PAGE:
For the Se–Fe–Cu based polymers, a series of inorganic–organic hybrid Cu polymers were obtained via LAG of the three-components [Cu(MeCN)4]+, the inorganic anionic ligand [SeFe3(CO)9]2− (ASe), and the conjugated or conjugation-interrupted dipyridyl ligands.16  X-ray analysis showed that the ASe cluster units of these synthesized polymers were connected to the Cu atom by three distinct bonding patterns, cluster-linked, -blocked, and -pendant coordination modes. Hence, this series of new 1D and 2D polymers were classified based on their structural features as: cluster-linked 2D polymers [(μ4-ASe)Cu2(MeCN)(dpy)1.5]n and [(μ4-ASe)Cu2(bpp)2]n, cluster-blocked 1D polymers [(μ3-ASe)Cu2(L)]n (L = bpee, bpea), as well as the cluster-pendant 1D chain [(μ3-ASe)Cu2(dpy)3]n (Figure 1.5). Interestingly, reversible dimensionality transformations between 2D and 1D polymers accompanied by the change in the cluster bonding pattern were achieved by the LAG addition of the corresponding dipyridyls or ASe/[Cu(MeCN)4]+. Notably, the 2D dpy-connected cluster-linked polymer, [(μ4-ASe)Cu2(MeCN)(dpy)1.5]n, revealed a 5-fold interpenetrating 3D framework with numerous C–H⋯O(carbonyl) and C–H⋯π interactions in the solid state (Figure 1.5b).16  The relationship between these polymeric structures and their resulting properties, i.e. semiconducting and photodegradation properties, will be described in Sections 1.5.1 and 1.5.2.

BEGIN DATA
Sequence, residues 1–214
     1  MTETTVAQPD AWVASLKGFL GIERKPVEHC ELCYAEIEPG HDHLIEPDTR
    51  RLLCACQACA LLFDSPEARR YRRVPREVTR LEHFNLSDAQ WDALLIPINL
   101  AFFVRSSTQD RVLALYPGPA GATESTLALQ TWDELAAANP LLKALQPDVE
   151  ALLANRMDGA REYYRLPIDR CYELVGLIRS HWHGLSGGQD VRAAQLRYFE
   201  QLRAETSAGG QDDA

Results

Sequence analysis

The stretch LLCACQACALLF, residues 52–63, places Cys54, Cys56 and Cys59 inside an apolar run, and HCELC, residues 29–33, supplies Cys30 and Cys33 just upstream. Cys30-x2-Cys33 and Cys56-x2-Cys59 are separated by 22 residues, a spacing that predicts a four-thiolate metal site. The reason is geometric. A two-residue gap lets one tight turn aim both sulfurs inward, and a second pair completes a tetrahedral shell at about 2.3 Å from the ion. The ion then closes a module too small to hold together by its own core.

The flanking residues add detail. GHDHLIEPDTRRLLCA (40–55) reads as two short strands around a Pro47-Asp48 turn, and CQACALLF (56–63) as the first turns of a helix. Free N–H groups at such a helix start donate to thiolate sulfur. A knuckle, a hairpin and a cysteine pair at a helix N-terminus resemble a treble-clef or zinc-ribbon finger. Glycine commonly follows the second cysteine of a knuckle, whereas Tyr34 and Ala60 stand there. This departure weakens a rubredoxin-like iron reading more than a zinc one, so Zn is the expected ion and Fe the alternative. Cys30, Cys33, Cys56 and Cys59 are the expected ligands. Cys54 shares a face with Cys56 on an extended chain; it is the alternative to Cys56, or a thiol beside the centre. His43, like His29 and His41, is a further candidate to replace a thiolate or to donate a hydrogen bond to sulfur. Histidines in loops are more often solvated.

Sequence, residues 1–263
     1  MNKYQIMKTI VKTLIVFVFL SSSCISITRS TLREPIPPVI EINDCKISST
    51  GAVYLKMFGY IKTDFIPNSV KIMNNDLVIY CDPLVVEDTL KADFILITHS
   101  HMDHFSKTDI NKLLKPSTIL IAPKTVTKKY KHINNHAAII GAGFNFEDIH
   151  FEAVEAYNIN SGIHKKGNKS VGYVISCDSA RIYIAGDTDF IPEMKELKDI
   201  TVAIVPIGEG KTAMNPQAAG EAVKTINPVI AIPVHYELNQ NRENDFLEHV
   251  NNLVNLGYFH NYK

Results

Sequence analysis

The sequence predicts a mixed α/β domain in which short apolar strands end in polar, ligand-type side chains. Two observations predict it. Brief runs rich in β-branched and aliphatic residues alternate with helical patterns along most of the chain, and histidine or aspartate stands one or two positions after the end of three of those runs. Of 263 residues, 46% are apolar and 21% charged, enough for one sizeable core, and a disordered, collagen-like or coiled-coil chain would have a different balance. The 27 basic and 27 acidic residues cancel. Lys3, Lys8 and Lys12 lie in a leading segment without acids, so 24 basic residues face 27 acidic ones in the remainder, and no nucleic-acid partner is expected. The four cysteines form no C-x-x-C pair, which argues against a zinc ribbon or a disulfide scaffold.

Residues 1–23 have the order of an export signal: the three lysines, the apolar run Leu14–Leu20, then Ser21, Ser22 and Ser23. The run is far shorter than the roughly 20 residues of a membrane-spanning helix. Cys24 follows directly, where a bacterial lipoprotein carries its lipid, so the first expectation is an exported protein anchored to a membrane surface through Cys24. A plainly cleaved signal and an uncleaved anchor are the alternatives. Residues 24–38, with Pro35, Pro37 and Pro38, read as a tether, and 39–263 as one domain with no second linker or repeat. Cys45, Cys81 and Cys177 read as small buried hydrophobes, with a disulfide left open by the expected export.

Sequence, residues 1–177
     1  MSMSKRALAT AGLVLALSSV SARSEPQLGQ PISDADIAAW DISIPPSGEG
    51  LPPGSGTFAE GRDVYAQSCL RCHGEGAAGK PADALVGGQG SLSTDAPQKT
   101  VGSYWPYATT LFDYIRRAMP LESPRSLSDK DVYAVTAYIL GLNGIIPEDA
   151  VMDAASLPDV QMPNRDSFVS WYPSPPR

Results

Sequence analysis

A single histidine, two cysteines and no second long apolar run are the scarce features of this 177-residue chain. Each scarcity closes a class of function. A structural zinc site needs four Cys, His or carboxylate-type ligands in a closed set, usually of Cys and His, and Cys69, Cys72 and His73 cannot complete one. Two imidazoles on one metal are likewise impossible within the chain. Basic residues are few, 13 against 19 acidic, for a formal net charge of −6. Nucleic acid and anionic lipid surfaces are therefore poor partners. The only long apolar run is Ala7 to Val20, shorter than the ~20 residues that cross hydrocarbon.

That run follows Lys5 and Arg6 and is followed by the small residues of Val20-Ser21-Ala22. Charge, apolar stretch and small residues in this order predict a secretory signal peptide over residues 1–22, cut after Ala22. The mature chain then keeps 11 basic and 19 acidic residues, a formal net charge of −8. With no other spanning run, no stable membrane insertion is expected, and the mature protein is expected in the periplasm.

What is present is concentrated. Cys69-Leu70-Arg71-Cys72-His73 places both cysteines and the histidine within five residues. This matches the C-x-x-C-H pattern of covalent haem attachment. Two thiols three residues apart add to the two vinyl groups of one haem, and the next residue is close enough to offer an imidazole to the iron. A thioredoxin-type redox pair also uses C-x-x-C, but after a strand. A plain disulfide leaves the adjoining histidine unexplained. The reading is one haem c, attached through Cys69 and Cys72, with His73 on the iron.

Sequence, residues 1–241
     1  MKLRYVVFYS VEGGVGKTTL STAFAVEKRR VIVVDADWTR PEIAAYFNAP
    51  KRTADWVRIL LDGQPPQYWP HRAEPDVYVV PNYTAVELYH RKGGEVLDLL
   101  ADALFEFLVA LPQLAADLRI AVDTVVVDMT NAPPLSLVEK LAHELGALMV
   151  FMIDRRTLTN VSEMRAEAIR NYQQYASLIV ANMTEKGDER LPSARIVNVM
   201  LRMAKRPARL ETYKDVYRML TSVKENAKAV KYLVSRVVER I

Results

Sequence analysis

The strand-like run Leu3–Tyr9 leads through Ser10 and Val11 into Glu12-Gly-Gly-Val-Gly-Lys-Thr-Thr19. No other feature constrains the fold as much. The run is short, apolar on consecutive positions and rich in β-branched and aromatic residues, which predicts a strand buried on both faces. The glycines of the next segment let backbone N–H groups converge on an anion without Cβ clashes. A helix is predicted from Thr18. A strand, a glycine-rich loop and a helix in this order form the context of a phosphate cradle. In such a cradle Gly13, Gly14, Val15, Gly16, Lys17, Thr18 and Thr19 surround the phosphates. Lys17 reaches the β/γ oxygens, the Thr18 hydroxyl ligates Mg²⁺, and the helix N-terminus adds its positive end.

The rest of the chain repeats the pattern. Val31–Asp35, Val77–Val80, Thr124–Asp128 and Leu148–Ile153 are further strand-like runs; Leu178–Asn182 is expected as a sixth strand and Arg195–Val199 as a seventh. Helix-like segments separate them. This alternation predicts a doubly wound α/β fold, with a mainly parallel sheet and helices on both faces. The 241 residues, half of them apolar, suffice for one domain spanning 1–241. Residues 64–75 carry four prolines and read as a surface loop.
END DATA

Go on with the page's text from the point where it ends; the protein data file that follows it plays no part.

Figure 1.5

A portion of (a) [(μ4-ASe)Cu2(bpp)2]n (ref. code SALJAU), (b) [(μ4-ASe)Cu2(MeCN)(dpy)1.5]n (SALHUM), and (c) [(μ3-ASe)Cu2(dpy)3]n (SALJEY). The H atoms and COs in (a) and (b) were omitted for clarity.

Figure 1.5

A portion of (a) [(μ4-ASe)Cu2(bpp)2]n (ref. code SALJAU), (b) [(μ4-ASe)Cu2(MeCN)(dpy)1.5]n (SALHUM), and (c) [(μ3-ASe)Cu2(dpy)3]n (SALJEY). The H atoms and COs in (a) and (b) were omitted for clarity.

Close modal

Furthermore, a series of N-heterocyclic carbene (NHC)-incorporated compounds [ASe{Cu(NHC)}2] (NHC = 1,3-dimethylimidazol-2-ylidene (Me2-imy), 1,3-dimethylbenzimidazol-2-ylidene (Me2-bimy), 1,3-diisopropylbenzimidazol-2-ylidene (iPr2-bimy), 1,3-dimethyl-4,5-dichloroimidazol-2-ylidene (Me2-Cl2-imy)), could be synthesized via one-pot stoichiometric reactions of [SeFe3(CO)9{Cu(MeCN)}2] (BSe), imidazolium salts, and KOtBu in THF.17  These NHC compounds contained the Cu2-ASe cores with the Cu atoms further coordinated by NHC ligands. In the solid state, their structures could be further extended into 1D chains (NHC = Me2-imy and Me2-bimy) or 2D frameworks (NHC = iPr2-bimy and Me2-Cl2-imy) through C–H⋯O(carbonyl) hydrogen bonds between CO groups and CH moieties of the NHC ligands. Surprisingly, these Se–Fe–Cu NHC compounds had catalytic activities for the homocoupling of arylboronic acids with high catalytic yields, which will be described in Section 1.5.4.